, Singapore
Photo from OWNDAYS Singapore.

OWNDAYS Singapore softens tax hike impact on consumers

GM says they cut SG$20 (US$14.95) in over 200 designs and retained the prices across the rest of the products.

AS Singaporeans met 2024 with a goods and services tax (GST) increase to 9%, eyewear brand OWNDAYS Singapore decided to cut SG$20 (US$14.95) in more than 200 spectacles designs to soften the tax hike’s impact.

The price reduction covers its exclusive collections, including John Dillinger, lillybell, Junni (kids range), OWNDAYS Metal, and OWNDAYS Plastic. Aside from this, OWNDAYS will also maintain the prices of all its products both in-store and online, similar to last year’s strategy amidst the GST hike to 8%.

“The entire world is facing a global crisis. Therefore, we took this initiative permanently to reduce $20.” OWNDAYS Singapore General Manager Trevor Hwong told Retail Asia. “Hopefully, by this, we are able to relax the stress level of inflation of Singaporeans.”

What does not change, he said, is that spectacles will remain an essential component in many Singaporeans’ everyday lives. “We aim to make our spectacles accessible and affordable so customers would not need to compromise their opportunity to enjoy good vision and proper eye care due to price concerns,” Hwong said.

Business model

As a brand that adopts a direct-to-consumer model approach, the price reduction does not translate to any losses for OWNDAYS Singapore.

Hwong said that through this approach, they can manage the entire business operations in-house — from design and manufacturing to logistics and retail.

“We are able to eliminate all the mediating factors, allowing us to have a lower cost,” he said.

He added that they are able to attain cost-efficiency as Owndays as a brand has over 500 stores globally and an annual sales volume of over 3.5 million pairs of glasses.

Lessons in the past decade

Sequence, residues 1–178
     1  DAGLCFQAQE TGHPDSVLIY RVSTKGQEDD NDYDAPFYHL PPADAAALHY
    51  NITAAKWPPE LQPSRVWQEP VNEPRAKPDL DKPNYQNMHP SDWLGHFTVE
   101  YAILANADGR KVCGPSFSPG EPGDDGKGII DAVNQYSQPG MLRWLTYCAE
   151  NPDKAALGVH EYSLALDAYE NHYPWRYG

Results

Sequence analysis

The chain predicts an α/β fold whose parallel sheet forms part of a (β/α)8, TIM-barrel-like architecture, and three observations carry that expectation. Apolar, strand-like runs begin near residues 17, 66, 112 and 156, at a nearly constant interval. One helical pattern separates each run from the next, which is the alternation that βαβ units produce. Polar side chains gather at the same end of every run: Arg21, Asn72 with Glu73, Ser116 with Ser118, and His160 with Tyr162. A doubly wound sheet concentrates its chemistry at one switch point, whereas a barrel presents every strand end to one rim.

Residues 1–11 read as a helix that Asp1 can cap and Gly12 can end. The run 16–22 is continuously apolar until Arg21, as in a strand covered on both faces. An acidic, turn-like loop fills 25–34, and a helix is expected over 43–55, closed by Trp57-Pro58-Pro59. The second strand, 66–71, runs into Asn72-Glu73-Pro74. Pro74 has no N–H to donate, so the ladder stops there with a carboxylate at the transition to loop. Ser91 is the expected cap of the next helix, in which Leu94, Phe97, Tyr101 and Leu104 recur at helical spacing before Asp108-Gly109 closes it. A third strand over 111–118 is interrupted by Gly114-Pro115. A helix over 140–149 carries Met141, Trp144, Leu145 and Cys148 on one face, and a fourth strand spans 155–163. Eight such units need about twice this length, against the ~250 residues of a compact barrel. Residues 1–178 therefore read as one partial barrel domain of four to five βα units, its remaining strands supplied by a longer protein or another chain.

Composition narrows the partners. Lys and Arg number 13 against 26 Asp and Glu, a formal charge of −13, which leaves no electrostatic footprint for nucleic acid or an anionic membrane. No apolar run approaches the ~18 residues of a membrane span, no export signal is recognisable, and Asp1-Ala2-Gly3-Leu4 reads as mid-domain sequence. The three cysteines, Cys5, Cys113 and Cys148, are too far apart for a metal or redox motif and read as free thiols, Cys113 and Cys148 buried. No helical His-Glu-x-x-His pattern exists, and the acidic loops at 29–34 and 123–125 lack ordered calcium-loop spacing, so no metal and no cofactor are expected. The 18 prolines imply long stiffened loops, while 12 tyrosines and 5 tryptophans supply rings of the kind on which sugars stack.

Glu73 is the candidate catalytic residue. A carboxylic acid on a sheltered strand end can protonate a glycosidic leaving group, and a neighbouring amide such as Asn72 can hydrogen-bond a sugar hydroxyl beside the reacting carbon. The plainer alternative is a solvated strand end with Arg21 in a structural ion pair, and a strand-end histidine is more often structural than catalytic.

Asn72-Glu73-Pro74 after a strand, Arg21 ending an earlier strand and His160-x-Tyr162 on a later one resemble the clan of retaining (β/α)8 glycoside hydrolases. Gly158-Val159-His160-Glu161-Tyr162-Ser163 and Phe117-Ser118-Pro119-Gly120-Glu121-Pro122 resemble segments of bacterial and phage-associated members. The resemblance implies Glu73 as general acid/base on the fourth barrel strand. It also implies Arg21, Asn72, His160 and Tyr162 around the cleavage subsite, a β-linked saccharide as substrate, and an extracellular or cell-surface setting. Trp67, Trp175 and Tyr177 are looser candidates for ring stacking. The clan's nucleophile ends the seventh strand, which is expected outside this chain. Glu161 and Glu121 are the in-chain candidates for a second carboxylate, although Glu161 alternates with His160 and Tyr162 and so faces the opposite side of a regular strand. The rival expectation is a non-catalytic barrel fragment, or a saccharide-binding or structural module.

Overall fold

OWNDAYS celebrates its 10th anniversary in Singapore this year. Hwong shared that one of the key lessons for the company is to keep things simple to ensure that everything will be easier for consumers to understand.

“This is in line with our business concept which centres around these three components: simple, quick and valuable and they have always been the pillars guiding all our business strategies and processes,” he said.

Last year, the biggest challenge the company faced was acquiring talent for their retail store staff, Hwong said.

OWNDAYS Singapore is improving its salary package to attract more talent. On top of this, they also offer an in-house programme to encourage the pursuit of further studies in Opticianry and produce more technicians who fit eyeglasses, contact lenses, and other vision-correcting devices.

Currently, Hwong said OWNDAYS has 33 Singapore stores and they plan to add three more this year.

The company also aims to expand and improve its product offerings to cater to the needs of kids, contact lens users and the elderly.

This is in response to the Ministry of Health’s data projecting that 65% of children in Singapore will develop myopia by 12 years old.

“As such, we see the importance of advocating better eyecare and offering myopia management products to the customers. Similarly to the elderly consumers, there needs to be specialised products to cater for their needs,” he added.

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